Economist Milton Friedman praised President Reagan's economic policies but told a conference of homebuilders the country will be in a recession by 1989.
"We're heading for a recession," Friedman said Wednesday. "Whether it'll be this year or later in 1989, I don't know. But I do expect a recession."However, Friedman told an audience of approximately 2,000, "I do not think we are going to have a depression. We are depression-proof."
Friedman's comments came at the annual Pacific Coast Builders Conference being held through Friday.
The economist praised the Reagan administration for policies that he said have spurred the longest peacetime expansion in the U.S. economy.
Friedman said the upsurge, now in its sixth year, "is not an accident."
"The policies introduced by Reagan have been extremely successful in re-igniting the forces of enterprise and initiative in the United States," said Friedman, who won a Nobel Prize in economics in 1976 and is a strong proponent of free market economics.
However, Friedman acknowledged, "There are some signs that inflation has been creeping up a little," a development that could have a negative impact on the interest rate-sensitive building industry.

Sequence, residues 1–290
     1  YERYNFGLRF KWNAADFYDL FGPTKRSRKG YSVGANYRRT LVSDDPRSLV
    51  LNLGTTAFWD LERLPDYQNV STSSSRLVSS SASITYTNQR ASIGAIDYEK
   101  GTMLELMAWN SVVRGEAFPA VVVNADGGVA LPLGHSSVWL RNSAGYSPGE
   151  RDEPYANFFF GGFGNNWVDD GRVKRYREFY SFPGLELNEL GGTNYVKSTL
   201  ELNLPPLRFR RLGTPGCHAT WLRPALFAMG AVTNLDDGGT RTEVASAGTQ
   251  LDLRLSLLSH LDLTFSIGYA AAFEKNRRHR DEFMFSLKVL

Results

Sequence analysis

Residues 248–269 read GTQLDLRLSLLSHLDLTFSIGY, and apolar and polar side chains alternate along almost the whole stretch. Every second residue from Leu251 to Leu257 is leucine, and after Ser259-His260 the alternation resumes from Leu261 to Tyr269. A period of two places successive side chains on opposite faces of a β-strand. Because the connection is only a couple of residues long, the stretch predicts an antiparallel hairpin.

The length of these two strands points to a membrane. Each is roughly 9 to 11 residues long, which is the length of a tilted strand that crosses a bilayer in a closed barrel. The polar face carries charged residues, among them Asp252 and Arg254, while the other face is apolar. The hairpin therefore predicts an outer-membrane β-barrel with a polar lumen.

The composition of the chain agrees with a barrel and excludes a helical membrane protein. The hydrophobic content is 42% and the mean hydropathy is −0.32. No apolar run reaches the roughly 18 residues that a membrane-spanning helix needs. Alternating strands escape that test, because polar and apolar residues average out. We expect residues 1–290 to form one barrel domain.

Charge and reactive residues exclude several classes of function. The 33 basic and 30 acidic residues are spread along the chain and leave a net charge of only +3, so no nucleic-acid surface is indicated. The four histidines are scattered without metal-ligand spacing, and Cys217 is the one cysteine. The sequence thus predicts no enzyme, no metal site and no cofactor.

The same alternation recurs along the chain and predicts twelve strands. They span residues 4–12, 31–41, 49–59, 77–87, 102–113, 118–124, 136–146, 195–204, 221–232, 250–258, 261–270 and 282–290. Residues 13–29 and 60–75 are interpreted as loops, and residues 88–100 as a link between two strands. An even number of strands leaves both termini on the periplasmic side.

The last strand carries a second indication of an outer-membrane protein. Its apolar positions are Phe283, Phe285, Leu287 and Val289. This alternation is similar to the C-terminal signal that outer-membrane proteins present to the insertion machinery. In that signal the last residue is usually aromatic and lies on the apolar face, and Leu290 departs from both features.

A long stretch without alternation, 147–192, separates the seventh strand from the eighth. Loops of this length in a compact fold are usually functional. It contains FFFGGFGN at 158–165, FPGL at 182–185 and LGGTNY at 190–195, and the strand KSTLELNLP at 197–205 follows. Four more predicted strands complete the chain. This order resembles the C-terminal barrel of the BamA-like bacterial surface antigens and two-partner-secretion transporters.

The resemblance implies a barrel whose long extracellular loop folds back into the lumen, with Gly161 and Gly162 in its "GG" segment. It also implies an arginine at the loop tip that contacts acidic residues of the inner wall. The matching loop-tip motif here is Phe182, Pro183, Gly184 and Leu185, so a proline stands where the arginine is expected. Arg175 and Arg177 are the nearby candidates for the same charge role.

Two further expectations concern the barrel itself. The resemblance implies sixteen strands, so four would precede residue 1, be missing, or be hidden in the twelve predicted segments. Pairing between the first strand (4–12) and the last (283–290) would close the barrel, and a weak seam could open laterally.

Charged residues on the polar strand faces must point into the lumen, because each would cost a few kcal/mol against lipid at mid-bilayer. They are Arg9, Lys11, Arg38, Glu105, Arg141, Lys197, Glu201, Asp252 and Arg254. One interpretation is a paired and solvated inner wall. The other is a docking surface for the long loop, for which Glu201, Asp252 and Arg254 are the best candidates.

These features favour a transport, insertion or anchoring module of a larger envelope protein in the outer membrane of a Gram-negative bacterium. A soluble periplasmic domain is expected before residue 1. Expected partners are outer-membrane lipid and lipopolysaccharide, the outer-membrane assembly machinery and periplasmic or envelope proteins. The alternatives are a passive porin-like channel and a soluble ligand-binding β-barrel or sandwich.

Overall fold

Still, Friedman said lower tax rates and deregulation under the Reagan administration "promise good growth over the long-term future."
"This fear that we will have a renewal of inflation . . . is not justified," said Friedman. "I do not believe we will have it."
Friedman said the two biggest problems the United States faces are not its massive trade and budget deficits but "the threat of higher government spending and protectionism."
He called the sweeping trade bill vetoed by Reagan Tuesday "a monstrosity."
Friedman sounded a warning against raising taxes, saying that Congress would be unlikely to use the added revenue to reduce the budget deficit.
"Raising taxes does not reduce deficits," Friedman said. "The federal government will spend whatever sum taxes will yield, plus whatever deficit they can get away with."
Friedman also said the bulk of the U.S. trade deficit is due to the flow of foreign capital into the United States.
The imbalance means "the United States is a better place to spend money" than other countries, he said.
"If you can borrow money more cheaply in Japan than in the United States, it's in your interest to do it," Friedman said.